KDKA’s Marty Griffin announces he has throat cancer |

KDKA’s Marty Griffin announces he has throat cancer

Mary Pickels
KDKA Radio personality Marty Griffin launched his new media platform,, today with his own personal story about being diagnosed with HPV.

KDKA Radio personality Marty Griffin is inviting listeners to join him in a fight against throat cancer.

He said Monday morning that he has been diagnosed with human papillomusvirus (HPV), which precipitated the cancer.

Griffin, 59, urged parents to strongly consider getting their children vaccinated .

Griffin, who left his longtime position as an on-air reporter with KDKA television last month, recently launched the website , a new marketing and branding company.

In a cryptic tweet Friday, he alluded to an illness, stating he would explain further during his Monday morning radio broadcast.

His diagnosis began with the recent discovery of a lump under this chin.

He has undergone surgery and plans to take his listeners along “from soup to nuts,” he said Monday morning.

As Griffin noted, his particular type of cancer has a high survival rate .

“I will start chemotherapy and radiation (Tuesday) morning” and stream the treatment live on his website, Griffin said.

During his morning show lead-in, he said he’s “going public” and streaming his treatment to educate the public.

“As I go through this journey, it’s my hope that we can raise awareness,” Griffin says.

Throughout the morning, he spoke with physicians, including those who are treating him, and took questions from callers.

“We’re going to live on my site. … I want people to see the journey,” he said.

Stating he wants to use his new platform for education, Griffin said he will take viewers from “hello to goodbye, seven weeks of it.”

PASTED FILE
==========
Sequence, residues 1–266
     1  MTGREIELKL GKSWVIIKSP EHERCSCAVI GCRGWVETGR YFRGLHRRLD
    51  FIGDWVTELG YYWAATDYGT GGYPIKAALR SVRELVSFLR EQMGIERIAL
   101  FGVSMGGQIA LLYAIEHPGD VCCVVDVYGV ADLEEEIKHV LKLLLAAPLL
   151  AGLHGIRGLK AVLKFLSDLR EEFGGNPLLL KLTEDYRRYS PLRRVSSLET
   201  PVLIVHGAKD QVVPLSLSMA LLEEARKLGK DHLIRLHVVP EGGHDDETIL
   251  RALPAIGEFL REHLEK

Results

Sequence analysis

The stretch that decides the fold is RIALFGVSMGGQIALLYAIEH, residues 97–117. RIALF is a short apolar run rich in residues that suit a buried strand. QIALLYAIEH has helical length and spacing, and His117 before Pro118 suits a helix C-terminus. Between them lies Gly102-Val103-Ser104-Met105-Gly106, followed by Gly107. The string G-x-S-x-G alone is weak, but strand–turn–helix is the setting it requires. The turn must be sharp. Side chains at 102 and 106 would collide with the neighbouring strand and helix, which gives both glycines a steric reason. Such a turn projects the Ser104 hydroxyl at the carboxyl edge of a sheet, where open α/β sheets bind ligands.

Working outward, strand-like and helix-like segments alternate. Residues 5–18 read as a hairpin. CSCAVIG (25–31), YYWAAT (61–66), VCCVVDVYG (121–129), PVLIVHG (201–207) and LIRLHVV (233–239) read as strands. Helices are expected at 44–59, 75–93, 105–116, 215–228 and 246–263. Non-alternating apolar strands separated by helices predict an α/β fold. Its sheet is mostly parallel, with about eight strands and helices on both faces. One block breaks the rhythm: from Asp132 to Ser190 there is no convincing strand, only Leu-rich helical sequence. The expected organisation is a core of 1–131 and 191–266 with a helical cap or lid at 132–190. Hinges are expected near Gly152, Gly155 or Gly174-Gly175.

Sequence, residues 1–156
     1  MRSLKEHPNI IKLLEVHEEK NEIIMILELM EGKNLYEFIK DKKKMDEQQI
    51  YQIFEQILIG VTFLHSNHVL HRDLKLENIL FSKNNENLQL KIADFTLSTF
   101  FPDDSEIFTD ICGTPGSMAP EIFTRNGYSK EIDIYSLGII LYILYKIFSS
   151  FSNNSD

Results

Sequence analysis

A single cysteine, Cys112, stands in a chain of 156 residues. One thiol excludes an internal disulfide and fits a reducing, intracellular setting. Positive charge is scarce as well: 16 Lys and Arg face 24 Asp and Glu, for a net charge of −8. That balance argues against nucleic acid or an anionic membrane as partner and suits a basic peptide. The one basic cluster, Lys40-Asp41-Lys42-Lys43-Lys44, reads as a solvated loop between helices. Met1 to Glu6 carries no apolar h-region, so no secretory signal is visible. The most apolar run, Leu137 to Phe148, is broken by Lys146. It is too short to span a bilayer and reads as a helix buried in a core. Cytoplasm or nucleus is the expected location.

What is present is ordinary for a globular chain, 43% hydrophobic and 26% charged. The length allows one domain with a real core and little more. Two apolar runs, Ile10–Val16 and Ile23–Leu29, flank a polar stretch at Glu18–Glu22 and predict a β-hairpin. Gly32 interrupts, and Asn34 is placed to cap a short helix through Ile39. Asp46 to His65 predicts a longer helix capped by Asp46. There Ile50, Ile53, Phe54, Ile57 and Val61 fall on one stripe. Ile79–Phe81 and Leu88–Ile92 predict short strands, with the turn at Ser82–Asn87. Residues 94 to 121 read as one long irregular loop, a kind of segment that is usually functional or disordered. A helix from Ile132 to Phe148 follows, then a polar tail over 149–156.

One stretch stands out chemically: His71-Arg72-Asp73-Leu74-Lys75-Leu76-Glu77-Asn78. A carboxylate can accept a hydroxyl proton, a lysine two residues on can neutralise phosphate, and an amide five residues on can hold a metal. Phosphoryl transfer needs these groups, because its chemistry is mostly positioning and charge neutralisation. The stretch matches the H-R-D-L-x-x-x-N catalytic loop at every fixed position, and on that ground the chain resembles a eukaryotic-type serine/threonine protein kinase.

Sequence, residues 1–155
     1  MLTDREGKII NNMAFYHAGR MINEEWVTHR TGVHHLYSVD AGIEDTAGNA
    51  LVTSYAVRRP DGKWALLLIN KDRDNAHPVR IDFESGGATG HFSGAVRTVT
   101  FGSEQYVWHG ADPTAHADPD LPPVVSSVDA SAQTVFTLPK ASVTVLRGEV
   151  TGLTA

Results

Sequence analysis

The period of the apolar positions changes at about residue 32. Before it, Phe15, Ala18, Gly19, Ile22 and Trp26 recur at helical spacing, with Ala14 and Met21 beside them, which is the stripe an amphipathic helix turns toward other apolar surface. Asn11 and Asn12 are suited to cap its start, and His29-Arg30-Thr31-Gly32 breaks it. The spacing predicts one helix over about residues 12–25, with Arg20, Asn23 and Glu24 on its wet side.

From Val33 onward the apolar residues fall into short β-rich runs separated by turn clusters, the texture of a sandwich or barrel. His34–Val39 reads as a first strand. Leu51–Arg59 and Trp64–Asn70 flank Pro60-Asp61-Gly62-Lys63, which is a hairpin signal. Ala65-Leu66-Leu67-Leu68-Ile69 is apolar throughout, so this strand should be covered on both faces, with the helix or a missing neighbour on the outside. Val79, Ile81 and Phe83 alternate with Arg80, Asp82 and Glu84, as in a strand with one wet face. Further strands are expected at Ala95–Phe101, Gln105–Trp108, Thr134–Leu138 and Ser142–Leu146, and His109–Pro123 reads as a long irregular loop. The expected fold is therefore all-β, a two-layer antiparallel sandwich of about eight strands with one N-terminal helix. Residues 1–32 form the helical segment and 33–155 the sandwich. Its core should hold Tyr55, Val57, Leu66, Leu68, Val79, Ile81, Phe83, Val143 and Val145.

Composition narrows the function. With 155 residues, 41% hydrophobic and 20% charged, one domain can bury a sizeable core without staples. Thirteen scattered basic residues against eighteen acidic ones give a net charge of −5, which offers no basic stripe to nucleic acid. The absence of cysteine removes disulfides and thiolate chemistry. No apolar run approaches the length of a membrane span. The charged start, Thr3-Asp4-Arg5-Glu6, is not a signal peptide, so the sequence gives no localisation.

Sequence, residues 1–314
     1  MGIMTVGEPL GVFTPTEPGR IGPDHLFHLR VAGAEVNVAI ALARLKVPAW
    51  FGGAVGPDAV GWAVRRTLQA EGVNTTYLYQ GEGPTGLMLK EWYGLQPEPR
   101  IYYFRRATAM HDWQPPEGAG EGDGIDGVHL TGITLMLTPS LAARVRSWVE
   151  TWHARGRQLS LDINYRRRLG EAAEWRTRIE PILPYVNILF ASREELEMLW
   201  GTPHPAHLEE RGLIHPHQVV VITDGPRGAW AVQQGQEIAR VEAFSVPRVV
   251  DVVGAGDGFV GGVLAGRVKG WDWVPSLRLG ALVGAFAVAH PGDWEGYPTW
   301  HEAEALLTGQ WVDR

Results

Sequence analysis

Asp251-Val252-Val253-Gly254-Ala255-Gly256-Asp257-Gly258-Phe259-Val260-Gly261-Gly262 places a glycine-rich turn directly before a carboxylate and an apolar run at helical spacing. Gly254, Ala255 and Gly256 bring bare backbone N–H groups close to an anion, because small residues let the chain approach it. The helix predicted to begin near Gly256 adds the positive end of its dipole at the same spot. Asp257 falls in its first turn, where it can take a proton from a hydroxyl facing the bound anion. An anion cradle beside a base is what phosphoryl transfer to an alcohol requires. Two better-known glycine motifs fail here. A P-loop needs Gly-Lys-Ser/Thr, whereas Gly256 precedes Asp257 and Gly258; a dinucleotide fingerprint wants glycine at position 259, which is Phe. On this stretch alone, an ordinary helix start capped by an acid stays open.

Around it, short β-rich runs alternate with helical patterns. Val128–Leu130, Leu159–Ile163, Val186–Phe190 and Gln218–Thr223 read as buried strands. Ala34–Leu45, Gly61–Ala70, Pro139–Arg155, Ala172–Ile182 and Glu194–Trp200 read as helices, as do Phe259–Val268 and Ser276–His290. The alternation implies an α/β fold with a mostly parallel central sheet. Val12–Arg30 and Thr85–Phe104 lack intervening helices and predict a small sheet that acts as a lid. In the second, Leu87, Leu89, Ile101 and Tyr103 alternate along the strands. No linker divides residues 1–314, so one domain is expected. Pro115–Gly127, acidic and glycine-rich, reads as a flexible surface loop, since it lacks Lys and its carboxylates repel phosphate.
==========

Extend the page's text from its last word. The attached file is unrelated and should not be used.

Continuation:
“I want people to look, listen and learn. Look what could happen when you don’t get vaccinated,” Griffin said.

Among his guests was Dr. Robert Ferris of the UPMC Hillman Cancer Center , where Griffin is being treated.

“You said to me from day one, ‘Look you are going to beat this,’” Griffin told Ferris.

“It’s a tough couple of months,” Ferris said of treatment.

He also noted misinformation on the HPV vaccine, available to pre-teens and teens.

Some parents fear, Ferris said, that giving the vaccine sends a message to teens that it’s OK to become sexually active.

“Teenagers are going to do what they are going to do,” he said.

He also said there has been some concern expressed that the vaccine leads to autism, a concern that has never been proven true.

“It’s a cost-effective way to prevent cancer,” Ferris said.

His own children, ages 12 to 16, are getting the vaccine, Ferris said. “It’s responsible, and I think it’s good parenting,” he said.

Mary Pickels is a Tribune-Review staff writer. You can contact Mary at 724-836-5401, [email protected] or via Twitter @MaryPickels.

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